1968, May. Sakharov releases “Reflections” to samizdat publication. In late May the KGB sends it to the Politburo. In June, the manuscript is sent to Brezhnev

Sakharov’s inscription on the English translation of his popular science article "The Symmetry of the Universe". The date is only a few days after the completion of "Reflections" and just before their release in samizdat. It is clear that Sakharov did not live by politics alone, even at the moment he was entering the public affairs arena, but first and foremost by science.

1968, June 18. At Tamm’s request, Sakharov reads his lecture “Evolution of Quantum Theory” at the Academy of Sciences ceremony bestowing a gold medal on Tamm.

1968, July 1. The U.S. president announces the USSR’s agreement to start negotiations on arms limitation.



1968, July. “Reflections on Progress, Peaceful Coexistence, and Intellectual Freedom” is published in the West.

 

1968, July 10. Sakharov’s last day in his office at the Installation.

1968, August 26. Andrei Sakharov’s first meeting with Aleksandr Solzhenitsyn.

Aleksandr Solzhenitsyn and Andrei Sakharov had differences of opinion in philosophy, history, and politics. But they respected each other profoundly. And naturally, Solzhenitsyn publicly defended Sakharov several times. And naturally, Sakharov immediately supported his dissident contemporary as soon as the rumor of Solzhenitsyn’s arrest flew through the town on the evening of 12 February 1974.” —Lydia Chukovskaya
 
Lydia Chukovskaya in her room, which held the photographs of Andrei Sakharov and Aleksandr Solzhenitsyn.

 

 

A self-portrait of the family in the mid-1960s (the only photograph of the entire family).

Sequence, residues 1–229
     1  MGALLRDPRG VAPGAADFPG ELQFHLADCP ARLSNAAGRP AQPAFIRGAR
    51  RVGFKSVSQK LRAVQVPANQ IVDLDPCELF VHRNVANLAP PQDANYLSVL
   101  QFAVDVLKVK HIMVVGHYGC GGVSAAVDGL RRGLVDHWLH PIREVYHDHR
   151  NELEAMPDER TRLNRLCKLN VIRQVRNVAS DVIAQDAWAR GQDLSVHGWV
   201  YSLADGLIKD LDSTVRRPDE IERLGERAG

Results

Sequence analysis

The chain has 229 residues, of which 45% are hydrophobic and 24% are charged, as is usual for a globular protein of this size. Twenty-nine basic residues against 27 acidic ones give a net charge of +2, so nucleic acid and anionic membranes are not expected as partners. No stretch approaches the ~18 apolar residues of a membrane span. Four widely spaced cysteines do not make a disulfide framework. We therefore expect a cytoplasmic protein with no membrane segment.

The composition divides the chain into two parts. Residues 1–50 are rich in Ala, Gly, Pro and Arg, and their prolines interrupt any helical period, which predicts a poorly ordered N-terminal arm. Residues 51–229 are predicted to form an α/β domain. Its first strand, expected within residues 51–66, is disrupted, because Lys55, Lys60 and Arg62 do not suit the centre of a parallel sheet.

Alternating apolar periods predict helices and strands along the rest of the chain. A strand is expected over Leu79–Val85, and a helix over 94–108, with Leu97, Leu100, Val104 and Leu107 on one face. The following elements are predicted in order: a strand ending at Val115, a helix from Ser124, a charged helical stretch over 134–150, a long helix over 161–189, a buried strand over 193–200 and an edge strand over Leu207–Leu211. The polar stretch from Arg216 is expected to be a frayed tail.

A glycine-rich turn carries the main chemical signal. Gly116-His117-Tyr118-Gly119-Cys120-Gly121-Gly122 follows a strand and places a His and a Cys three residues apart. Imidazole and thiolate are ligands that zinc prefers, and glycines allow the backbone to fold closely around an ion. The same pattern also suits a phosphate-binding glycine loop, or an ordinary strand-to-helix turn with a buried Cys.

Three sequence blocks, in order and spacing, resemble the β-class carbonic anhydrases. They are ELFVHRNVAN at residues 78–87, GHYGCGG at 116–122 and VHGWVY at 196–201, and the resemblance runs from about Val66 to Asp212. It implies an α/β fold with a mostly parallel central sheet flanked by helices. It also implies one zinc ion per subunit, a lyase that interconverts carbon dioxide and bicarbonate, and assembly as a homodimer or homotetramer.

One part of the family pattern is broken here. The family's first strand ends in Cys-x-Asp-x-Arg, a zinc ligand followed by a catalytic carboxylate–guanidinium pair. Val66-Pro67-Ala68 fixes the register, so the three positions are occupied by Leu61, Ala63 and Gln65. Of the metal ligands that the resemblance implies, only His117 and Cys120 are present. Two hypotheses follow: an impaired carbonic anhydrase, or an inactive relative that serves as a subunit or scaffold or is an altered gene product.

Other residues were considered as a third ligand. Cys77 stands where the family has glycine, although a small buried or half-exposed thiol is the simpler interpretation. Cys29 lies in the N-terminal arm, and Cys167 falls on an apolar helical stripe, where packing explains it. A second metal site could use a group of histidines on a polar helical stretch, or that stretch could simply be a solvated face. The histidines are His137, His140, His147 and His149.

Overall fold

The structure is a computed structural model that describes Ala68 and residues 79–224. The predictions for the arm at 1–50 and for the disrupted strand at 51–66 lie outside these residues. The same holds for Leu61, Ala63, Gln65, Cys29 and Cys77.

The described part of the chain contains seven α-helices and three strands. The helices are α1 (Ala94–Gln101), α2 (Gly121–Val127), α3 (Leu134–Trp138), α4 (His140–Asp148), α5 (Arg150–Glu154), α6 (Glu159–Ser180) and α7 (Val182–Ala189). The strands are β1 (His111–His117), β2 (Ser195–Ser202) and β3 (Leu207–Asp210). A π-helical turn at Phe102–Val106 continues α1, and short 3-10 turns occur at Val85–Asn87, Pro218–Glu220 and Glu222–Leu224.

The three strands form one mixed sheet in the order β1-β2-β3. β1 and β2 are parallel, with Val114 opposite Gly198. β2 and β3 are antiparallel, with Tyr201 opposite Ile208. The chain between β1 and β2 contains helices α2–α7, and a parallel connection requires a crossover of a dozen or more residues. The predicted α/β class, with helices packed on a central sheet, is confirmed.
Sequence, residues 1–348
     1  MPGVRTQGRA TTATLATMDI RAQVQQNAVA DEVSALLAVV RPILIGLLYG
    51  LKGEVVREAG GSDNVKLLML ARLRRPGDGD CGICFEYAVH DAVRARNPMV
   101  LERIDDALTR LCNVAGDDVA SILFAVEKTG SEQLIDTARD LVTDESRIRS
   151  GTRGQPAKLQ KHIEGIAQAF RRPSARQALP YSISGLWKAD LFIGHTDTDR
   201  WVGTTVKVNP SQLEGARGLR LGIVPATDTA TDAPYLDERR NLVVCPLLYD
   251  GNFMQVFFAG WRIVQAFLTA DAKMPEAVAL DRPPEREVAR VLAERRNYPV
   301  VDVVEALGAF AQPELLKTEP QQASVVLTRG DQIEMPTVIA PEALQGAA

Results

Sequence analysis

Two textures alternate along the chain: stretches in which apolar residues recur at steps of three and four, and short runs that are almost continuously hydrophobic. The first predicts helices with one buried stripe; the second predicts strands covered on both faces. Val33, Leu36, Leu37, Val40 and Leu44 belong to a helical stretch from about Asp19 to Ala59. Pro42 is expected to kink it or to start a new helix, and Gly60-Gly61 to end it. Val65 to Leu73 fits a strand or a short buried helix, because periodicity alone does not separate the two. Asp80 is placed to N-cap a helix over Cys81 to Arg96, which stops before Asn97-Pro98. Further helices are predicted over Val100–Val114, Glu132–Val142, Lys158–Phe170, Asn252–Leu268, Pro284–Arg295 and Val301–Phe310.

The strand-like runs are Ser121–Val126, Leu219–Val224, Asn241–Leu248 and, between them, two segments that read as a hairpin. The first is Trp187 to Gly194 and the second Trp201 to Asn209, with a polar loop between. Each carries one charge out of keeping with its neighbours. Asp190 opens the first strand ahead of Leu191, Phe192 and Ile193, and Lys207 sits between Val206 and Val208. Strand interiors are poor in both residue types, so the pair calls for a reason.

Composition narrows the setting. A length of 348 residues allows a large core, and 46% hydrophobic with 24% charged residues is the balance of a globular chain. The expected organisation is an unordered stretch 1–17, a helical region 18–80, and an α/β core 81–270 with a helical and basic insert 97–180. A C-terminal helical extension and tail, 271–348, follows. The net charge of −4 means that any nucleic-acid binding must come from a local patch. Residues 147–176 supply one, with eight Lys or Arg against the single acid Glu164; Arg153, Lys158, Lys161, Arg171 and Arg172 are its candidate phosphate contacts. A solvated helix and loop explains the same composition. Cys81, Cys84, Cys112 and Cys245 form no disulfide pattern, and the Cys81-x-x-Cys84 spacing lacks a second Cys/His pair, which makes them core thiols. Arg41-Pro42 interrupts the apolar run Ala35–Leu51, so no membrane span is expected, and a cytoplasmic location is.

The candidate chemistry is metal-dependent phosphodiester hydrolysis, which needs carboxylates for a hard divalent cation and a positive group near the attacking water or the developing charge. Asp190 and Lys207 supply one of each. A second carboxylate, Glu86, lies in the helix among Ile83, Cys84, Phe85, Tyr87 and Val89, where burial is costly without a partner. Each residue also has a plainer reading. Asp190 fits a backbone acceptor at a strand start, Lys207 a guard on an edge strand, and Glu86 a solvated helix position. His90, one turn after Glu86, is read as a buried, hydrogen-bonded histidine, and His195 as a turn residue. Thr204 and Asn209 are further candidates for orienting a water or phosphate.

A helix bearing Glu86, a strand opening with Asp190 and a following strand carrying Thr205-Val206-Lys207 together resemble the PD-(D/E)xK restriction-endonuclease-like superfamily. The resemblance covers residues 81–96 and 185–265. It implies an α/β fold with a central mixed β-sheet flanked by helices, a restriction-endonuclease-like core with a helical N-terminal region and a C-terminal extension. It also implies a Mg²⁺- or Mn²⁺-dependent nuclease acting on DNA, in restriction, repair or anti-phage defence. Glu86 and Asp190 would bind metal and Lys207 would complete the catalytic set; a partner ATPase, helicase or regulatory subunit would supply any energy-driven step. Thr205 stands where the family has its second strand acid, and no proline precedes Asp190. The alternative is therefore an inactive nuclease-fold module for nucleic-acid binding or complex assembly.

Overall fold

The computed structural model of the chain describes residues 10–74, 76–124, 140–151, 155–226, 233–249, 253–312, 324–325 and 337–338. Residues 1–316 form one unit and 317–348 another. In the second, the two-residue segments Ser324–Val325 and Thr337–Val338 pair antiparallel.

From left to right: Lyuba, Tanya, Dima, father and mother.

In the evenings,  Mom and Dad played their traditional game of chess.

1969, March 8. After a long illness, Sakharov's wife Klava dies.

In a state of despair and grief in the face of Klava’s inexorable death, I grabbed at straws—someone told me that there was a woman in Kaluga with a miracle cure for cancer . . . The inventor of the vaccine was fanatical woman, a doctor by education, who for several years (she was retired) had been making her preparation at home. She gave me a box of ampoules, categorically refusing to take money.”—Sakharov

The miracle did not come to pass. After horrible suffering, Klava passed away. For several months Sakharov “lived in a daze, doing nothing either in science or public affairs.” He dedicated his articles “Antiquarks in the Universe” and “A Multisheeted Cosmological Model” to his wife. And he never played chess again.

Draft of Sakharov's letter to the Ministry of MedMash, 1969
"I request your permission to be transferred to FIAN to work in the field of elementary particle theory."
It is not clear what the unemployed physicist was depicting—a specific person or the entire military-industrial complex.